Have you heard of People Places Things yet? This movie, made in 2015, continues to navigate through all the chaos of new releases to be an audience favourite. Not only for its cinema verite style of editing but also for the realness that translates through the plot. It is a comedy, but one without the plot being rushed or characters getting corrupted. A unique take on cheating where the act has not been demonised with malicious intent. Rather it highlights serious struggles in real-life relationships. A break from the world of fictional romance.
Will Henry (Jemaine Clement) makes a brilliant protagonist for a number of reasons. The way they have portrayed masculinity in the film is not how most films portray it. He struggles with accepting that his once wife chose to move on and get married to another guy. He was afraid to lose everything he once called family, as one should.
Through his artworks in his comics, he expresses his difficulty in finding himself out of the depths of grief, loss, and self-pity. When Will’s wife Charlie (Stephanie Allyne) cheats on him, she fails to express remorse. Almost as if she did not think what she did was wrong for a number of reasons. The first is that she was caught doing the act during Will and her children’s joint fifth birthday. What we see is this woman gaslighting, she is confused and unsure of her needs and wants in life.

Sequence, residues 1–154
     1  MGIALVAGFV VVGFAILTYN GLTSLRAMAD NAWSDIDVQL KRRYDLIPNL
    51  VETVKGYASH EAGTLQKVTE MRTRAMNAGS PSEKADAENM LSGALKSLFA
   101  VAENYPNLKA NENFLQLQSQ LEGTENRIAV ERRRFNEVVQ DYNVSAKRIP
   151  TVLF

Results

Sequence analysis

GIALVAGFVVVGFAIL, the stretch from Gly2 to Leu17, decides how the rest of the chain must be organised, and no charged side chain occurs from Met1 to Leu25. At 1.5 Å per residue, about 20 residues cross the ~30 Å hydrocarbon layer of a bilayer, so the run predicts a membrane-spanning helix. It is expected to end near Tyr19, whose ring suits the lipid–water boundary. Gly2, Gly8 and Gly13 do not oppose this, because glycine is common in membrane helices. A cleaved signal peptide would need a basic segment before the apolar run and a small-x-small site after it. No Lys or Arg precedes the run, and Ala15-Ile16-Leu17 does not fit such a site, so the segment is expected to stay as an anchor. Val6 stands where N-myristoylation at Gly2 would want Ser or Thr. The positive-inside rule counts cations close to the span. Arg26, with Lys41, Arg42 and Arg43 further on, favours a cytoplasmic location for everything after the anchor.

Will gets close to one of his students from his Visual Arts class named Kat played by Jessica Williams. Kat introduces the struggling artist to her single mother, Diane played by Regina Hall. When the two first meet, they are met with obvious differences in opinion. However, it is clear they do take a certain interest in each other. We witness a man who feels lost in life, only wanting to provide and spend more time with his children. He clearly has a very fun relationship with them. The author and professor are struggling with his writer’s block until he gets what we call some creative inspiration from his new partner and especially her daughter.
The romantic comedy manages to deal with the idea of a dying marriage turning into an eventual friendship between co-parents. However, the gentle storyline manages to deal with this trope at its best. In the most real way possible. Looking for a light and heart-warming watch this weekend? Tune into People Places Things now! Watch the gem of a comedy trailer here!
People Places Things now streaming on Netflix!